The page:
Lower costs of rent for students in Limerick

Anne Sheridan


Anne Sheridan

Back to school: 'To let' signs beckon on the South Circular Road, close to Mary Immaculate College, as students prepare to return to college in September.
RENTS in Limerick county have remained stable in the past year, with a fall of just 0.7% in the 12 months up to this June.

RENTS in Limerick county have remained stable in the past year, with a fall of just 0.7% in the 12 months up to this June.

The latest report from the property website Daft.ie shows that while prices are rising in Dublin – sparking fears of a new property bubble – in Limerick city rents have fallen by 0.2%, with a slightly higher fall of 0.7% in the county.

The findings will be good news to students – and their parents – who received their CAO offers this week and hope to study in Limerick or Waterford, but they can expect to pay more if they choose to take up offers in Cork, Galway and Dublin.

Rents in the capital are now 7.5% higher than the rest of the country, after registering their fourth consecutive quarter of growth. This is the fastest rate of rent inflation since mid-2007, reflecting the tight supply in the Dublin market.

The average advertised rent in county Limerick is now down 24% from the 2007 peak, resting at €583.

The average rent in Limerick city is now €642 - down 25.6% since the peak.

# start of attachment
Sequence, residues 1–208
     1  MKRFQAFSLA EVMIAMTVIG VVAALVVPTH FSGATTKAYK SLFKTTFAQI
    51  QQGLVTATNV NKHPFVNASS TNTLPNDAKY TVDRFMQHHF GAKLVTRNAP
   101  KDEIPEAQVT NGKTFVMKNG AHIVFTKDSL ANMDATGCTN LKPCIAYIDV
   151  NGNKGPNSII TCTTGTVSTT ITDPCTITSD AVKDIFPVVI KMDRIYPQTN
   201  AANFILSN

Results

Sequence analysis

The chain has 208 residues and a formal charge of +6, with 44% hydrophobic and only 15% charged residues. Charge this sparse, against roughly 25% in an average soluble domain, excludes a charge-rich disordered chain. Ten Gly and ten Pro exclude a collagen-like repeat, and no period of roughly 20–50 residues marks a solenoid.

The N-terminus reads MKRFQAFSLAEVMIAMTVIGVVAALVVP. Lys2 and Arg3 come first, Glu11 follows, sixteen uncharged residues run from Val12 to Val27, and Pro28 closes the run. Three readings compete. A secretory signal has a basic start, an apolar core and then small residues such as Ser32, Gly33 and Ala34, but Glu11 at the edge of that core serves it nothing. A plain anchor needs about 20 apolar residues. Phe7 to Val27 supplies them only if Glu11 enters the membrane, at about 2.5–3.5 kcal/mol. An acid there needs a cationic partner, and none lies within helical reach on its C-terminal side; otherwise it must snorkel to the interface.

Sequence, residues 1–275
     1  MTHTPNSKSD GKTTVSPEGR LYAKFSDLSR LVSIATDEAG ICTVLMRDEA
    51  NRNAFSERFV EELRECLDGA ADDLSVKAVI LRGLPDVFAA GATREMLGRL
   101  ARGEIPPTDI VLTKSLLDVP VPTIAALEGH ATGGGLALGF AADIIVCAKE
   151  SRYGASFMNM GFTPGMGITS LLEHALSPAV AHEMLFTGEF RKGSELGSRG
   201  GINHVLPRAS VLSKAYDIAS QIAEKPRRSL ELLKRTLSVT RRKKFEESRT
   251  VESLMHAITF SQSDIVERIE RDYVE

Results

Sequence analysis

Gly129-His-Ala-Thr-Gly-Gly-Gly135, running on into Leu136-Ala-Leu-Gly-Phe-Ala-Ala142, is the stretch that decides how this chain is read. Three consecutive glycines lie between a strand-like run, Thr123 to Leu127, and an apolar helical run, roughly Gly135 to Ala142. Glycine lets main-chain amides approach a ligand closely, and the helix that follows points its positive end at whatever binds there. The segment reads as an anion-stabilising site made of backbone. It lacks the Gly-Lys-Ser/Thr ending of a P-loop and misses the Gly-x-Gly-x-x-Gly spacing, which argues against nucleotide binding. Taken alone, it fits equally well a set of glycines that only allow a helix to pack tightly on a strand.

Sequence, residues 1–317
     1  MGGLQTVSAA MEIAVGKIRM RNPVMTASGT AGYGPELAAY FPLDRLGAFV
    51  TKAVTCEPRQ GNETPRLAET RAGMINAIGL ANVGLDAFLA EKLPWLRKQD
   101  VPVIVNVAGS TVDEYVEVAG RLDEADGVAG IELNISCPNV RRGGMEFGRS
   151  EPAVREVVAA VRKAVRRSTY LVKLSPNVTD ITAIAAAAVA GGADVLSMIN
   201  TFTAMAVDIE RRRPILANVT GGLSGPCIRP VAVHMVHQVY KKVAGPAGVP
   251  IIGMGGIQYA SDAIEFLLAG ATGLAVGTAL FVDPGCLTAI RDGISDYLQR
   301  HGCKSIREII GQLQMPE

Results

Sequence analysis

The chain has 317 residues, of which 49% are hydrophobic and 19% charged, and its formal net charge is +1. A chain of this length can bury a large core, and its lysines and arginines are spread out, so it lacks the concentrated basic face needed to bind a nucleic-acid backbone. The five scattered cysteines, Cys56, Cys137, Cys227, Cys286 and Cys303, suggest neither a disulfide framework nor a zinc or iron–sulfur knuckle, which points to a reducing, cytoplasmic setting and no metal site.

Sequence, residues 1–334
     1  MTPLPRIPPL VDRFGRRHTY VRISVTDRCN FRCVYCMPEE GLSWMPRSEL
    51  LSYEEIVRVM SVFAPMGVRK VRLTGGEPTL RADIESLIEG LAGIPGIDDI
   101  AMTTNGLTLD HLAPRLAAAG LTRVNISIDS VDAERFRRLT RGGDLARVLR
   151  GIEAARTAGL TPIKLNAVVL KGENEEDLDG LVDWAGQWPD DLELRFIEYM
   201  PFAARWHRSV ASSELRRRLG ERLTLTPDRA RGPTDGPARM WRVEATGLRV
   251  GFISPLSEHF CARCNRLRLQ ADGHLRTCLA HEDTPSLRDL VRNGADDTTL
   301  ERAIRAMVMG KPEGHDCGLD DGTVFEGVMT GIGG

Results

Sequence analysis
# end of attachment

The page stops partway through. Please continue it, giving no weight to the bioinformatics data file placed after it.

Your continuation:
In contrast, rents in Cork and Galway are much higher by comparison, at €806 and €792 respectively, and are gently rising at about two to three per cent a year.

A single room in Limerick city now costs around €255, and €234 in the suburbs, according to their guide.

Daft.ie currently lists 514 properties in Limerick for rent, with three quarters of those available in the city.

Ronan Lyons, economist with Daft.ie, said low costs for renting could be good news for centres in need of investment over the years to come, especially with a number of promised announcements for Limerick on the horizon.

“Low costs of accommodating workers is good news from a competitiveness point of view and as the cost of housing and office space in Dublin rises, cities like Limerick and Waterford will become more competitive, particularly for projects that don’t require a central location, such as corporate services or back office functions,” stated Mr Lyons.

Rents nationally were 4.2% higher on average in the second quarter of 2013 than a year previously. The average rent nationwide between April and June was €825, compared to €792 in 2012. Across Limerick, Galway, Waterford and Cork, there were 1,850 properties available to rent on August 1, down from 2,500 a year previously.